One thing we've always struggled with is finding a punishment that works for him. We've taken away his Lego, his DS, his computer privileges (all very important to him), and he'll be upset and angry for the first 20 minutes, but then he gets past it and isn't bothered anymore. We've held out for a week, all the while realizing that he's doing fine without these things. He's not bothered that he's without his possessions! We can see that as frustrating (and it is!) and stubborn, and it leaves us with wondering how to effectively parent. But when we told his teacher, she laughed and said it was because he's creative and can find some other way to occupy himself.

Creative? H'mmm...hadn't thought of that. Yes, that is a positive thing!  Him not giving in and being stubborn can be so difficult for us to work with ....but it's that type of personality that doesn't give in to peer pressure and leads in confidence.

We are pleased with our children so far in school, and are very thankful for their teachers. (their report cards come home in two weeks...we'll see how we feel then, though. hahaha.)

I had to laugh at this one common theme with all of my children, though. Apparently they all have this "Meh attitude". Bryn has it when it comes to writing and any art project. He just scribbles messily as if saying, "meh, this looks fine!" Kai is the same way when it comes to most school work and had even gone up to Mrs B and said, "I didn't do my homework last night!" She'll respond, "oh really? why not?" He'll shrug, "I don't know!" Meh.  ((good to see his confidence. This made me laugh out loud. When I didn't do my homework, I avoided the teacher and if I had to admit it wasn't done, I usually made up an excuse!)) Abi will do the minimum amount of work needed on a paper, as if thinking, "Meh, this is good enough," her teacher told us. So she says, "Meh, not so much," and hands the paper back! hahaha!


It made me laugh.  All of them with this condition.

I know where they get it from. Oh yes. *cough*cough* From me. I have a big "meh" attitude! I will put off things. I don't get bothered by small things. I even love the word! (I want to get this t-shirt from Zazzle!)

I guess sometimes having an easy going personality can come out as lazy and uncooperative. Oops. My bad.  I'll need to work on that.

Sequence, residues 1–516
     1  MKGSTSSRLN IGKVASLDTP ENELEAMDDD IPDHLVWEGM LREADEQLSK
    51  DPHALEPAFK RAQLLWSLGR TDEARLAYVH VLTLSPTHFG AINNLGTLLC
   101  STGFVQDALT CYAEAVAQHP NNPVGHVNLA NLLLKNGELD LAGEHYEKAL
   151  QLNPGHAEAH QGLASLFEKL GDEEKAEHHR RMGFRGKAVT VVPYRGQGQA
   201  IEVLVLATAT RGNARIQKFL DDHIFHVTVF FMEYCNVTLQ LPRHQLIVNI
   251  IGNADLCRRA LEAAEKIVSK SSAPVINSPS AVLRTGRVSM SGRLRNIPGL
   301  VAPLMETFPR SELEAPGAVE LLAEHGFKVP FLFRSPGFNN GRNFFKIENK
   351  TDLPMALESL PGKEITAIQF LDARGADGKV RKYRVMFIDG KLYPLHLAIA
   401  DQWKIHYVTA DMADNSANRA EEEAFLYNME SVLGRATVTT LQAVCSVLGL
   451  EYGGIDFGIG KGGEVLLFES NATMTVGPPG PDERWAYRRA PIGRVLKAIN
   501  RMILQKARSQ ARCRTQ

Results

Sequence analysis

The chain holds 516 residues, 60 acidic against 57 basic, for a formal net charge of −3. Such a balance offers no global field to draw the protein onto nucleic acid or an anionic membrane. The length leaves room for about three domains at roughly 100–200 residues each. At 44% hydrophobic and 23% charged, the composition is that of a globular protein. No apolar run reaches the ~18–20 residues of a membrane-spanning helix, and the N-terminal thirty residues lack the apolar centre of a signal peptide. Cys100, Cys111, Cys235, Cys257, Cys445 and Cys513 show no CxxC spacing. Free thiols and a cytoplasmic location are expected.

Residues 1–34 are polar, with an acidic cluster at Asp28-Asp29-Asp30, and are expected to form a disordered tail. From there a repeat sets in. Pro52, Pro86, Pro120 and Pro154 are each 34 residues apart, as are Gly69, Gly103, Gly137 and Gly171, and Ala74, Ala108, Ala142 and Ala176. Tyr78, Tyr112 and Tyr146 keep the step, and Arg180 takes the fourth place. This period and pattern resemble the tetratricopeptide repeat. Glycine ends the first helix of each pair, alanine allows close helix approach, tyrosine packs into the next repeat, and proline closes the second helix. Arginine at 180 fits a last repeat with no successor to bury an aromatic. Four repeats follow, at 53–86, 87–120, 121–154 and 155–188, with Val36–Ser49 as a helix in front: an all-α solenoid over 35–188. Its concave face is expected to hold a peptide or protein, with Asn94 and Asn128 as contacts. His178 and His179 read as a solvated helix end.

Sunday, November 24, 2013

new referrals

So that's what it feels like to advocate for your child.

I feel weary. And emotional. But that could be unrelated; after all, my thyroid is all wonky and I have a sinus cold.

A few weeks ago, one of Rhys' preschool teachers suggested doing an updated ASQ. She did two of them during class time, and I filled out the ASQ-SE for 60 Month/5 Year. Filling those out feel make me feel so sad. It's hard to see the limitations that your child has right in front of you. But I was surprised, and also relieved, to see that Ms. Harmony had a few different results than I did. When I filled out The Ages & Stages Questionnaire: Social Emotional, my results (I found out that the scoring guidelines were written on the back on the questionnaire) showed him "at risk". Actually, the recommendations on the back were to "refer the child for a mental health evaluation." Which sounds much scarier than 'seek a second opinion' or 'refer to doctor'. Thankfully, the result in class were just fine! What a relief! He is totally on par with his peers on a social/emotional level. So either he only "acts out" at home, or his behavior is actually considered 'normal'. Needless to say, I've been paying more attention to it at home now. 

Interestingly enough, I answered "most of the time" to the question on whether he could settle himself down after periods of exciting activity. Ms. Harmony checked off "rarely or never".  (I can see that now if I really look at it. Yes, he does take some time to unwind when he gets excited and giddy.)  To the question "does your child cry, scream, or have tantrums for long periods of time", I responded "most of the time", and again, she said "rarely or never". (oh, this boy can be very determined when he is upset and wants something. But in some cases, yes, I guess he can be distracted to something else. Sometimes.) In class, he moves from activities just fine, and loves to explore new places, which are two things I had never noticed at home.  So my concerns are not a reality in preschool right now, and what a wonderful thing to realize!

Ms. Harmony also did a regular ASQ on him, which is for a child 57 Months through 66 Months (good grief, I'd be happy if they stopped using weeks and months after 6 weeks and just went to years in stages! It's too much counting and figuring out for my little math-challenged head!) ----he was 64 Months when this test was done (end of October)  His last ASQ through IDP was done at 10 months old, when he scored above the at-risk level for everything except gross motor, where he was not rolling over or crawling or pulling to stand yet. I do have a Gessell Developmental Assessment report done at 17 Months old, but I am thinking of emailing our former IDP Consultant for the results of the one done at 3 years old, since I can't seem to find it. It would be nice to see how things compare now to then. Has he gained or lost? Did we not have any concerns then?